Library of Articles

  • Library: Articles

Joni Mitchell Garners Standing Ovation for Moving 'Both Sides Now' 2024 Grammys Performance Print-ready version

After getting nominated 18 times and winning nine Grammy Awards, Joni Mitchell took the Grammys stage to perform for the first time

by Kimberlee Speakman
February 4, 2024

Joni Mitchell and Brandi Carlile perform onstage during the 66th GRAMMY Awards at Arena on February 4, 2024 in Los Angeles, California. PHOTO: AMY SUSSMAN/GETTY IMAGES

Joni Mitchell gave another history-making performance at the 2024 Grammy Awards.

The legendary performer was introduced by Brandi Carlile. "Whether we know it or not any one of us out here who ever dreamed of becoming a truly self-revealing singer-songwriter did it standing on the shoulders of one, Joni Mitchell," Carlile, 42, said.

"Joni is one of the most influential and emotionally generous creators in human history," she continued. "She redefined the very purpose of a song to reflect the contents of a person's soul and before she took this leap, the popular song was observational. It was brilliant and influential, of course, but the exhilarating risk that we all now take by turning ourselves inside out for all the world to see started as far as I can tell with Joni Mitchell doing it first."

The "Big Yellow Taxi" singer, 80, then took the Grammys stage for the first time in her storied music career, performing "Both Sides Now." She was seated on a throne and surrounded by chandeliers for the heartfelt performance. She was joined on stage by Carlile, as well as Jess Wolfe and Holly Laessig of the pop act Lucius and more musicians for the performance, which brought the crowd to their feet for a standing ovation.

While this was Mitchell's first time performing at the Grammys, it wasn't the first time she graced the Grammys red carpet. She is a 10-time Grammy Award winner and has been nominated a total of 18 times.

Mitchell's 10th Grammy win came Sunday in the best folk album category for Joni Mitchell at Newport [Live]. Other nominees in the category included Paul Simon for Seven Psalms, The Milk Carton Kids for I Only See the Moon, Dom Flemons for Traveling Wildfire, Rufus Wainwright for Folkocracy and Nickel Creek for Celebrants.

The win capped a spectacular year for the legendary singer-songwriter, who marked her first live performance in 20 years at the Newport Folk Festival in July 2022 (which was recorded and released in the form of the 2023 album). The singer, who had a brain aneurysm in 2015, said it took some time to get back into singing and playing the guitar again.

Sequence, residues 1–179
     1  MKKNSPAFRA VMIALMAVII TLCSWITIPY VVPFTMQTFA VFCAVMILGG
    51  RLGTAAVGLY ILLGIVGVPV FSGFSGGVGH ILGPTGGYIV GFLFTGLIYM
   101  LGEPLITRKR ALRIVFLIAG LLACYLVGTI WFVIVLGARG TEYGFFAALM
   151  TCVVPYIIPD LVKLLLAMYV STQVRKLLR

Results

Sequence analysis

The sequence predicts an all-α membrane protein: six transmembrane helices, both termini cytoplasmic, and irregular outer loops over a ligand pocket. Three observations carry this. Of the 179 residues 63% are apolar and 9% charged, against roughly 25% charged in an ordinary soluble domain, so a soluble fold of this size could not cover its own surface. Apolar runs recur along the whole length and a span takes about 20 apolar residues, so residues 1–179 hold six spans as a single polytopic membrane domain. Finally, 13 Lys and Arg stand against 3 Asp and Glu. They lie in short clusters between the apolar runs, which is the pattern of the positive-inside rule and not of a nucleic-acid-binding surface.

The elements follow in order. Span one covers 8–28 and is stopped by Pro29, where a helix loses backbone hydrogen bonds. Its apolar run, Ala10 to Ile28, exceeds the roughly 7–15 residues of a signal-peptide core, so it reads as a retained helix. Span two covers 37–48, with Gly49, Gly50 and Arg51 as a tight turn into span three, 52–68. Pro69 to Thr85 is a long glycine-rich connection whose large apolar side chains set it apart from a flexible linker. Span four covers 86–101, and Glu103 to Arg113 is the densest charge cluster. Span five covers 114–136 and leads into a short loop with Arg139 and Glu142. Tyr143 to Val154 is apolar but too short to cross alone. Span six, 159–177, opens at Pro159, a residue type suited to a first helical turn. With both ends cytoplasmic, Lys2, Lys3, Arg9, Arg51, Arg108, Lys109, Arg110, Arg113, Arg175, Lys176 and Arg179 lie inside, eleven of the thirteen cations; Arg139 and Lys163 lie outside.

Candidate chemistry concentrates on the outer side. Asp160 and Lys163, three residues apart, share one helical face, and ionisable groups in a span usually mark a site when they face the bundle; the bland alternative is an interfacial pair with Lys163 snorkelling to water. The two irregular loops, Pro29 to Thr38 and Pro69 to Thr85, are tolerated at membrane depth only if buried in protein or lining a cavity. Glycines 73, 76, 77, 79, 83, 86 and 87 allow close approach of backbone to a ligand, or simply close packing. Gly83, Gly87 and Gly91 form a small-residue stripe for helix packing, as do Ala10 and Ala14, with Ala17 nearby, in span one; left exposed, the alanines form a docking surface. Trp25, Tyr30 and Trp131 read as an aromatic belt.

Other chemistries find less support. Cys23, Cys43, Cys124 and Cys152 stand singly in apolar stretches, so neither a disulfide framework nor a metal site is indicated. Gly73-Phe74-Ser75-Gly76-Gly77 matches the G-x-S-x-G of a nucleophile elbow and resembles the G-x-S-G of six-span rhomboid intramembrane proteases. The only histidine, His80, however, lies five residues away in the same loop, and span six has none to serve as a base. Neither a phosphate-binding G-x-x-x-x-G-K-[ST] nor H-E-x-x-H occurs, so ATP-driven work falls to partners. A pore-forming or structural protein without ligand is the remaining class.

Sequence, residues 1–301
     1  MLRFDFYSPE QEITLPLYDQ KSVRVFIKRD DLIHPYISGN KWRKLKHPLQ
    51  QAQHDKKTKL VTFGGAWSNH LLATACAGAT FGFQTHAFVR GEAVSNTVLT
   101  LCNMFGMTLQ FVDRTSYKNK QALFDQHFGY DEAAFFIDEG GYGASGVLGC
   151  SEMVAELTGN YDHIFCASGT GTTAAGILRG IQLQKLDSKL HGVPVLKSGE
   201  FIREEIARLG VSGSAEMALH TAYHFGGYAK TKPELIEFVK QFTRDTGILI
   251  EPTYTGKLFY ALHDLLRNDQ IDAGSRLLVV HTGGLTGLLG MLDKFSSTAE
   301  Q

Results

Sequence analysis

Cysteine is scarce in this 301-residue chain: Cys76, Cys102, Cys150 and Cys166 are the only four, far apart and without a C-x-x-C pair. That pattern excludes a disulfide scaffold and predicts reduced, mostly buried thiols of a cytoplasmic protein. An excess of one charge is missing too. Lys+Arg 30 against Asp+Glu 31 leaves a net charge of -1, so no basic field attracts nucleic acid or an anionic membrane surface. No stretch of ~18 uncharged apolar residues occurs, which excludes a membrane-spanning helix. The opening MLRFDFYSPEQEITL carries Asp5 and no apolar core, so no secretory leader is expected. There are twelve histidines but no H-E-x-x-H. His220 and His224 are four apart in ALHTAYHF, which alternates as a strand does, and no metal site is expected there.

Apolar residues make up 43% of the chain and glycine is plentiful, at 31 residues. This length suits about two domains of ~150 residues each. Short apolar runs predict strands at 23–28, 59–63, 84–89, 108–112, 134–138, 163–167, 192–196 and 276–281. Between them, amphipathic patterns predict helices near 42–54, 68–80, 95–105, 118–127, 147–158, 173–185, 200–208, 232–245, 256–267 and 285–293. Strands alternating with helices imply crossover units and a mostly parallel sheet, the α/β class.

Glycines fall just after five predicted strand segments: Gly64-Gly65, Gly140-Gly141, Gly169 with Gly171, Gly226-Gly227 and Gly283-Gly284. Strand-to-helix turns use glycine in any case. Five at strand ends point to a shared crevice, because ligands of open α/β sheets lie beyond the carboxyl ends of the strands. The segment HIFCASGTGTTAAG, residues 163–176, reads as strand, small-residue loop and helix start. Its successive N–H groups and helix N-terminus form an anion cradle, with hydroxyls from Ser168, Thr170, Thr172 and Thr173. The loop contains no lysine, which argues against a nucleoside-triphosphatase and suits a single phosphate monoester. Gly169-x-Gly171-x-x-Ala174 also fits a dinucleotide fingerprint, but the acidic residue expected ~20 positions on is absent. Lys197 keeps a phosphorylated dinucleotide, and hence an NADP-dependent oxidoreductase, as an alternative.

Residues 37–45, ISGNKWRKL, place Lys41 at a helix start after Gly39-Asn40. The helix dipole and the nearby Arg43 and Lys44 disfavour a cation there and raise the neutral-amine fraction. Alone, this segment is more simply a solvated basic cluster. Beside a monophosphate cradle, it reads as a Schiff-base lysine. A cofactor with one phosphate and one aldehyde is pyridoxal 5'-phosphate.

"I'm learning," she said. "I'm looking at videos that are on the net to see where I put my fingers, you know. It's amazing what an aneurysm knocks out - how to get out of chair!... You have to relearn everything."

She's also received several honors including the MusiCares Person of the Year in Las Vegas, where she was honored by some of music's biggest names including Lionel Richie, Brandi Carlile, Beck, John Legend and Mickey Guyton.

"We are all better artists because of the lines you dared to cross," Billy Porter said ahead of a moving performance of "Both Sides Now." "Joni Mitchell, you are marvelous."

In June, 2023 she headlined first ticketed show in 20 years called "Joni Jam" at the Gorge Amphitheater in Quincy, Washington. She is also set to perform a Hollywood Bowl show on October 19. Due to the large demand for tickets, she even added a second show on October 20. These performances will be her first set of live shows in Los Angeles since 2000.

"Both Sides Now" was written in 1966 and first recorded commercially by Judy Collins, who won the 1969 best folk recording Grammy for her performance. Mitchell recorded it herself for the 1969 album Clouds, which won the best folk recording Grammy in 1970.

Copyright protected material on this website is used in accordance with 'Fair Use', for the purpose of study, review or critical analysis, and will be removed at the request of the copyright owner(s). Please read Notice and Procedure for Making Claims of Copyright Infringement.

Added to Library on February 5, 2024. (827)


Log in to make a comment